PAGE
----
What a difference a year has made for the world's biggest miner.
BHP Billiton has swung from loss to profit for the first half of the 2017 financial year thanks to a surge in commodity prices.
The multinational made a net profit of $US3.2 billion ($4.2 billion) for the six months to the end of December.
That's compared to a $7.84 billion loss for the first half of 2016 because of huge write-downs and lower commodity prices.
Underlying attributable profit was just below market forecasts at $4.22 billion although it was in line with forecasts by resources analysts at UBS.
Investors get a dividend payout of $0.52 a share, up by 150 per cent from 2016's $0.22 a share, better than analysts predicted.
Last year's result was marred by slumping commodity prices, Oil, coal and iron ore were in the doldrums.
But huge rises in coal and iron ore prices — because of higher demand in China thanks to policy changes, including production cuts at Chinese mines — saw earnings surge.
Revenue jumped by 20 per cent to more than $24 billion thanks to higher iron ore, coal and oil prices.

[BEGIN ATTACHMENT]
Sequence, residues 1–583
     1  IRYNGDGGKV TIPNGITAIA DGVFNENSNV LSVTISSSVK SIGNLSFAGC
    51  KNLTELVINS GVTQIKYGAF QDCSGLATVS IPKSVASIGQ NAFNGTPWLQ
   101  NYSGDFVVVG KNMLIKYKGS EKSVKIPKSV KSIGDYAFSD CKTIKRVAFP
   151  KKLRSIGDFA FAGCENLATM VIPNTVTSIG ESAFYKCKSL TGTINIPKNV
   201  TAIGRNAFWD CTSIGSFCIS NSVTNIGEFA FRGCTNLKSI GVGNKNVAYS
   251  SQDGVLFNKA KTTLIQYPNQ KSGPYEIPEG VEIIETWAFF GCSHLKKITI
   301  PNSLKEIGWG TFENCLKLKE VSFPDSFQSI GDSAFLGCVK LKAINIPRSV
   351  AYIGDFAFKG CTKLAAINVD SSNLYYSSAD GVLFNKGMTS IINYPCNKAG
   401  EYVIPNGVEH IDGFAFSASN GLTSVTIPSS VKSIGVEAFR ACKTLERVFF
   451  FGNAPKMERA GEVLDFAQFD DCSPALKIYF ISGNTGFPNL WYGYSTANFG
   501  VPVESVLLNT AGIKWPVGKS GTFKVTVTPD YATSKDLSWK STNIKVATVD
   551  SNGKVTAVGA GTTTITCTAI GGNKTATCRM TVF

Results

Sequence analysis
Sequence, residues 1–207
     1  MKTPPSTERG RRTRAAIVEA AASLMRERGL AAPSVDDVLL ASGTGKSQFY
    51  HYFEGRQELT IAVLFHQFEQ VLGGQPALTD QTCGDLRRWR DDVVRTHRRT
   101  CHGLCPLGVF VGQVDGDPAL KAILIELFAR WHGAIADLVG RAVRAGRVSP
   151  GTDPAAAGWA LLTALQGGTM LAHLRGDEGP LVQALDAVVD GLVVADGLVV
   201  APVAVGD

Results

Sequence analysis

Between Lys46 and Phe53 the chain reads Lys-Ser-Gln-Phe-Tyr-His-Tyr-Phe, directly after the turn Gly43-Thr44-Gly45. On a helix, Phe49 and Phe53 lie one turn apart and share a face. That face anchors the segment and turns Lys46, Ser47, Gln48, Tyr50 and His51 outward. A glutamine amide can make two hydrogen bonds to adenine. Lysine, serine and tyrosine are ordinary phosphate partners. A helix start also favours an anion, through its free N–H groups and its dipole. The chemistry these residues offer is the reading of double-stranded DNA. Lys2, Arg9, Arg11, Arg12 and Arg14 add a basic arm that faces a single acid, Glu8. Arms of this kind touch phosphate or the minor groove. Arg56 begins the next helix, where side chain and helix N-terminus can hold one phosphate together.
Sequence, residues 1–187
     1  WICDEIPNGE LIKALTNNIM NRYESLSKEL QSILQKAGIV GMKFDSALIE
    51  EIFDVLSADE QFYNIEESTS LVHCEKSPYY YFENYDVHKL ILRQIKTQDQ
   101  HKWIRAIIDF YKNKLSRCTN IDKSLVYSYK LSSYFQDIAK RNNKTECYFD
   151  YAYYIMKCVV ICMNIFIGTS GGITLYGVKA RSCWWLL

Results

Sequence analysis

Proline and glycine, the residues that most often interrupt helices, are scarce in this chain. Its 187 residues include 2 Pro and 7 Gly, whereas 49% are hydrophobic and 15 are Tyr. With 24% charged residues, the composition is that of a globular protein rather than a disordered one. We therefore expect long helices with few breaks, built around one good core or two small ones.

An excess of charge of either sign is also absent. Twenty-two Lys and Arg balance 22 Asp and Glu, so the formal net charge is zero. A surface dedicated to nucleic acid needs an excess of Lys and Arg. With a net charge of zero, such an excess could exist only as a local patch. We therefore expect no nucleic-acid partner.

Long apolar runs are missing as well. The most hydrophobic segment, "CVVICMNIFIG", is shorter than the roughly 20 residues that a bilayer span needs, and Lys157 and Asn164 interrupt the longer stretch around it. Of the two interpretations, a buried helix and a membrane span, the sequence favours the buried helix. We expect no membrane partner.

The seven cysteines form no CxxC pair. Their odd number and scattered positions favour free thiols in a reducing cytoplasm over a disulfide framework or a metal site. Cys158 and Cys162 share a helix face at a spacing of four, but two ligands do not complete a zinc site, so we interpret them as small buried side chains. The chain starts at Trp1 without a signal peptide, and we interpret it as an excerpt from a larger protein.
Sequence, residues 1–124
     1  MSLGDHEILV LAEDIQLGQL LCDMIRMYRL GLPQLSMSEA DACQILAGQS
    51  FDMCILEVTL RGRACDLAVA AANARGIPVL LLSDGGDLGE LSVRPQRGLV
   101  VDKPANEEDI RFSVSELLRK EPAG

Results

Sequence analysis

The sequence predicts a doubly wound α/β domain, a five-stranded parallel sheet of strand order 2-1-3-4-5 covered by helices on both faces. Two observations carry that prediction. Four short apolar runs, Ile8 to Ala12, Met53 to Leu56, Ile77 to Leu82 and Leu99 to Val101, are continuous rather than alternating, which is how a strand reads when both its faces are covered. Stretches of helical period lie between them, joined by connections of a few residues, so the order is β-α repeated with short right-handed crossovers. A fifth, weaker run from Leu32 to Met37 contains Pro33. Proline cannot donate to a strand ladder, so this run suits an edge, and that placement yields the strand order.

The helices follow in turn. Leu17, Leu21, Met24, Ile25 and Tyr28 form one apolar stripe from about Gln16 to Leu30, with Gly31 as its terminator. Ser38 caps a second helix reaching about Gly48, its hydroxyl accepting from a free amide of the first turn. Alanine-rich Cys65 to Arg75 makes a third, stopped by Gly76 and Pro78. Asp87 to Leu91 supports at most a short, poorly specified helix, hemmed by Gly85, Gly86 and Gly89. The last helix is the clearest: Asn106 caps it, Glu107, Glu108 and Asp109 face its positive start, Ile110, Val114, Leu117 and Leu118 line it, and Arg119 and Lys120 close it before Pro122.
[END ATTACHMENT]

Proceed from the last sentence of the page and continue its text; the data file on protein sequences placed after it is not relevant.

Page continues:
CEO positive on long-term outlook
BHP Billiton chief executive Andrew Mackenzie said big productivity savings and stronger prices had shaped the result.
"This is a strong result that follows several years of a considered and deliberate approach to improve productivity and redesign our portfolio and operating model," Mr Mackenzie said.
"We are confident in the long-term outlook for commodities, particularly oil, with markets expected to rebalance in the near term, and copper, where we expect a deficit to emerge in the early 2020s."
Coking coal prices have jumped from around $US75 a tonne in early 2016 to above $US300 a tonne in late 2016.
Iron ore prices have more than doubled over the past year to above $US90 a tonne.
Oil prices jumped from a low of below $US27 a barrel a year ago to around $US56.00 a barrel now after major producers agreed to supply cuts.
BHP Billiton was also hit in 2016 by massive pre-tax write-downs of nearly $11 billion after it wrote down the value of its onshore oil and gas fields in the US to the tune of $9.4 billion and $1.53 billion for the ongoing cost of the Samarco mine disaster in Brazil.
This time around, BHP made a $195 million loss for the half year relating to Samarco.
The miner and partner Vale have agreed to an end-of-June deadline to settle a $62 billion civil compensation claim by Brazil's federal prosecutor.
BHP Billiton's share price has increased by nearly 7 per cent over the year.
Its shares closed at $26.73, up 1 per cent, ahead of the results.
Rival Rio Tinto returned to profit for the full year, making a net profit of $6 billion after a loss in 2015 thanks to higher commodity prices and asset sales.
BHP's spin off, South 32, also made a $809 million profit on the back of higher commodity prices.